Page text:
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‘Women, Work, and Activism in the Coal Mines’ virtual event set for Nov. 2

The West Virginia & Regional History Center (WVRHC) invites everyone to a virtual presentation titled, Women, Work, and Activism in the Coal Mines: Stories from the Women Miners Oral History Project at 7 p.m. Nov. 2.

Jessie Wilkerson, an associate professor in WVU’s Department of History, and graduate student Emily Walter will discuss the oral history project and what they learned talking to women miners from the region.

The Women Miners Oral History Project aims to collect and preserve the life histories of women in the Appalachian region who entered the mines as protected workers in the late 1970s after decades of exclusion.

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This project is the outgrowth of a conversation between Wilkerson and former miners Kipp Dawson, Marat Moore and Libby Lindsay, all of whom were involved in the United Mine Workers of America and the Coal Employment Project (CEP), a nonprofit organization that advocated for women’s entrance into industrial mines, fought discrimination that working women encountered and organized around working-class women’s issues.

Amid the ongoing COVID-19 pandemic, Dawson, Moore and Lindsay began organizing lists of women miners and considering ways to preserve their history, compelled by the loss of some sisters and the illness of others.

“Jessie and Emily’s presentation will shed light on this important project that is documenting the stories of women who worked in the mines. It also provides an important example of women coming together to save their history,” WVRHC Interim Director Lori Hostuttler said.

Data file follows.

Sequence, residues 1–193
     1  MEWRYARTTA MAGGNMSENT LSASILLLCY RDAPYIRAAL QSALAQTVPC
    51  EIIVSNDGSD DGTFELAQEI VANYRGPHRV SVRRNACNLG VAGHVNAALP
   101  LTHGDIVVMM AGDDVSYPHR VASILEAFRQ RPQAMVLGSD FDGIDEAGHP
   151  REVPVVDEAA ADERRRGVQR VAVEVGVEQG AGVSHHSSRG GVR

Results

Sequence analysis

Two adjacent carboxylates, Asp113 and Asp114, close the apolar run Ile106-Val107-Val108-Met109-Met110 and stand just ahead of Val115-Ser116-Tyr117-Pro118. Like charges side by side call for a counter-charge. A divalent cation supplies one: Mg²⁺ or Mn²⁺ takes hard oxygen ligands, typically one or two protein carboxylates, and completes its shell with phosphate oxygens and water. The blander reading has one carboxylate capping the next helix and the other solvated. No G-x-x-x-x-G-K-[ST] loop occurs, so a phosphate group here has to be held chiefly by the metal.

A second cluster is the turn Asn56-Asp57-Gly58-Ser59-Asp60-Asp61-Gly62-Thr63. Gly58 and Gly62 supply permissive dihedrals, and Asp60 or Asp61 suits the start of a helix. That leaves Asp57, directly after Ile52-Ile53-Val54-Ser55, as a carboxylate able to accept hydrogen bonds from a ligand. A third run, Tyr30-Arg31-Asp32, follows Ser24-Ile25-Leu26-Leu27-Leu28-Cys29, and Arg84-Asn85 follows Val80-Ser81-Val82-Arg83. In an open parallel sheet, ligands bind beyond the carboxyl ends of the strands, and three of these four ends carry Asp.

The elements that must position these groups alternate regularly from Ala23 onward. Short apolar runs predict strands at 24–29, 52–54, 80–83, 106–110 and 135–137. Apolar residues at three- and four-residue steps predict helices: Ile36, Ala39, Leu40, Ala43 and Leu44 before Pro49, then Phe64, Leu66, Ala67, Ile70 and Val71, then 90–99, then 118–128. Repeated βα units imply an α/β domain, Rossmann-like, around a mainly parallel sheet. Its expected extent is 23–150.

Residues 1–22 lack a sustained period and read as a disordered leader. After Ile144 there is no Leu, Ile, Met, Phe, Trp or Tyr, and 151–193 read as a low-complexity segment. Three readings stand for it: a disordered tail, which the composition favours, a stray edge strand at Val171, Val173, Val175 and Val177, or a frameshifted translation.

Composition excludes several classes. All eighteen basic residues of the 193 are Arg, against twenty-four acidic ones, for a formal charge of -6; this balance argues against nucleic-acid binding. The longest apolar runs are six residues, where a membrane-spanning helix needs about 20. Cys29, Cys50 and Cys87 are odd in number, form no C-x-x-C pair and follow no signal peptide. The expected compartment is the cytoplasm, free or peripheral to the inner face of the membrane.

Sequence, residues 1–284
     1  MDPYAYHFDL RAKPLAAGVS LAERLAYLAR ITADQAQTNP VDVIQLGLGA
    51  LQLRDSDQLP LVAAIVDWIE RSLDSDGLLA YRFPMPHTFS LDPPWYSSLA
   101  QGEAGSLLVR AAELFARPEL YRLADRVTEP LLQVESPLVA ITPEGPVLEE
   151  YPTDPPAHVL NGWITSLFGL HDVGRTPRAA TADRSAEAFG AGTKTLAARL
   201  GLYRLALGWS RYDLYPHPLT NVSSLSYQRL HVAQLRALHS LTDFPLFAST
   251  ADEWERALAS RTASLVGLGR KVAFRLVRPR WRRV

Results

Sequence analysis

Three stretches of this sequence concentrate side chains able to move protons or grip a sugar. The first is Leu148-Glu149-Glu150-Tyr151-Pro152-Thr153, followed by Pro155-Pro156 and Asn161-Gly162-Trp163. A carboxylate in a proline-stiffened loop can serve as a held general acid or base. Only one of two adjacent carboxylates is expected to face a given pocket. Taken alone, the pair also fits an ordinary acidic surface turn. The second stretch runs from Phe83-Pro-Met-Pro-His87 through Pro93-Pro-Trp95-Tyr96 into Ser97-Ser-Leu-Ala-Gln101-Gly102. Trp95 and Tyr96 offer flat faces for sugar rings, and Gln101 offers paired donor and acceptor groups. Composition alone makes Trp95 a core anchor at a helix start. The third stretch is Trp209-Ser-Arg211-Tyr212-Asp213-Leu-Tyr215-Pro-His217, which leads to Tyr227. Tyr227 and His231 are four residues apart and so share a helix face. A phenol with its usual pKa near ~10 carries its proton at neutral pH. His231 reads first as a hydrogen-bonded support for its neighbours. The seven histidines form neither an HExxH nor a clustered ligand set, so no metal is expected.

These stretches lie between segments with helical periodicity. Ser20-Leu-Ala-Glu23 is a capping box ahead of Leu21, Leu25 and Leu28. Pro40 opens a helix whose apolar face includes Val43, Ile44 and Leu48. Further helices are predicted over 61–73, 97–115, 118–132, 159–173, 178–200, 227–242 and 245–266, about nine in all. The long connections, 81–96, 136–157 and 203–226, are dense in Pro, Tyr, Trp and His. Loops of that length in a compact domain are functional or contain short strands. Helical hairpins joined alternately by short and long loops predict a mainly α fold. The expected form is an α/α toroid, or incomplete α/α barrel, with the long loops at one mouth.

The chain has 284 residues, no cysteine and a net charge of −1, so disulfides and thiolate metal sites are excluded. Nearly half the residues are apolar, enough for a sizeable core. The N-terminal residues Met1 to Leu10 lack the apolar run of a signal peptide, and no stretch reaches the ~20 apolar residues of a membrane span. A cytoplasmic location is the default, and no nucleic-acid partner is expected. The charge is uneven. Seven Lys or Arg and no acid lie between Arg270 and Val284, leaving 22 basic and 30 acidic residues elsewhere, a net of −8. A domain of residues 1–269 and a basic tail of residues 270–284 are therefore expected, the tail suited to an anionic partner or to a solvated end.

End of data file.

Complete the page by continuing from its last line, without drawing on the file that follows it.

The oral history interviews will be preserved at the WVRHC and be a part of the WVRHC’s ongoing West Virginia Feminist Activist Collection (WVFAC) project. The WVFAC is an effort to preserve the history of people and organizations who have worked to affirm the political, economic, and social equality of the sexes.

“One of the goals of the WVFAC project is to emphasize that the stories of women and marginalized communities are an important part of West Virginia history and are worthy of preservation. The Women Miners Oral History Project affirms this objective. The interviews will add a new dimension to the resources about coal already held at the History Center,” Hostuttler said.

Wilkerson is the Joyce and Stuart Robbins Chair and associate professor of history at WVU. Her first book, “To Live Here You Have to Fight: How Women Led Appalachian Movements for Social Justice,” was published in 2019. She is working on two book projects focused on women’s history and was named a Carnegie Fellow for 2022-23. Walter is pursuing a master’s in public history at WVU. She studies the history of Appalachia, particularly labor and the environment.

This program is presented with financial assistance from the West Virginia Humanities Council, a state affiliate of the National Endowment for the Humanities.